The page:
The crowds were back at Selfridges on London’s Oxford Street last Wednesday — the day that marked the end of the UK’s second nationwide lockdown. Queues formed outside the concessions of Louis Vuitton and other leading brands. A similar pattern is repeating as retailers seek to recoup sales lost during the pandemic.
A poor Christmas trading period is not an option. “It’s critical, there’s no sugar-coating it. It’s tough for retailers,” says Nick Found, senior consultant of the UK’s Retail Economics. “This Christmas there are fewer events, fewer parties and fewer weddings — all these things are really important [for retailers].”
Rekindling a sense of community
At Christmas, department stores boast lavishly decorated windows, a plethora of gift ideas and a unique sense of theatrical occasion. That special role of the department store during the holiday season is being emphasised more than ever in the year of Covid-19.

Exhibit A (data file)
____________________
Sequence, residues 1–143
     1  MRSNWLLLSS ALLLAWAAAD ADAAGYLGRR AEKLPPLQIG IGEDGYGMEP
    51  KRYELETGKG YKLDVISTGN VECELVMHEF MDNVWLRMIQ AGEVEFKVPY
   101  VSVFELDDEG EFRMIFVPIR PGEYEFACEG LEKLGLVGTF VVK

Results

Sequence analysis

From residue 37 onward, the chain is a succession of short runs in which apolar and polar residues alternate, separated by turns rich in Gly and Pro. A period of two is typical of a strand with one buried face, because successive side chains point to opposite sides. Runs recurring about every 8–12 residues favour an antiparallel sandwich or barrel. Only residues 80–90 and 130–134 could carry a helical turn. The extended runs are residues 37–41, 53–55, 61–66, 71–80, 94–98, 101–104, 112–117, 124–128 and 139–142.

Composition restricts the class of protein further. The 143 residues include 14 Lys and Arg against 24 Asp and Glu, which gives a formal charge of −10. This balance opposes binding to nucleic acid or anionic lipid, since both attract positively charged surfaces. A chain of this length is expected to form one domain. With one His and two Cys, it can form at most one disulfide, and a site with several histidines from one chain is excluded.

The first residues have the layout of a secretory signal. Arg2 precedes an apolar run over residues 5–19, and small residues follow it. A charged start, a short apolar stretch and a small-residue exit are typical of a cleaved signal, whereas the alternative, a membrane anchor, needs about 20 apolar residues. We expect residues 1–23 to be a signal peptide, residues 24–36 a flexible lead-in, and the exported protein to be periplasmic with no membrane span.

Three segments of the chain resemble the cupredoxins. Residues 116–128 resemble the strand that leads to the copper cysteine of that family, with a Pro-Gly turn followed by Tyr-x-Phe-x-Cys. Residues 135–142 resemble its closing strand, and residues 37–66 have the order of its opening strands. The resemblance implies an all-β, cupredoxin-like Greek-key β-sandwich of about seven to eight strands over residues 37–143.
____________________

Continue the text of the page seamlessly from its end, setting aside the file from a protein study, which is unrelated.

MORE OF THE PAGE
Department stores are exploring the pulling power of community events. At Lane Crawford in Hong Kong, customers are responding enthusiastically to the retailer’s Support Local programme, which promotes small businesses and entrepreneurs, according to Amiee Squires-Wills, vice president of marketing and communications.
“Smart department stores will use these exceptional circumstances to support charities and communities in their local markets and burnish their sustainable credentials through authentic content,” says Stéphane Girod, professor of strategy and organisational innovation at IMD Business School. “This is all about greater customer intimacy and relationships by being more inclusive, and meeting the trend for finding local roots and authenticity.”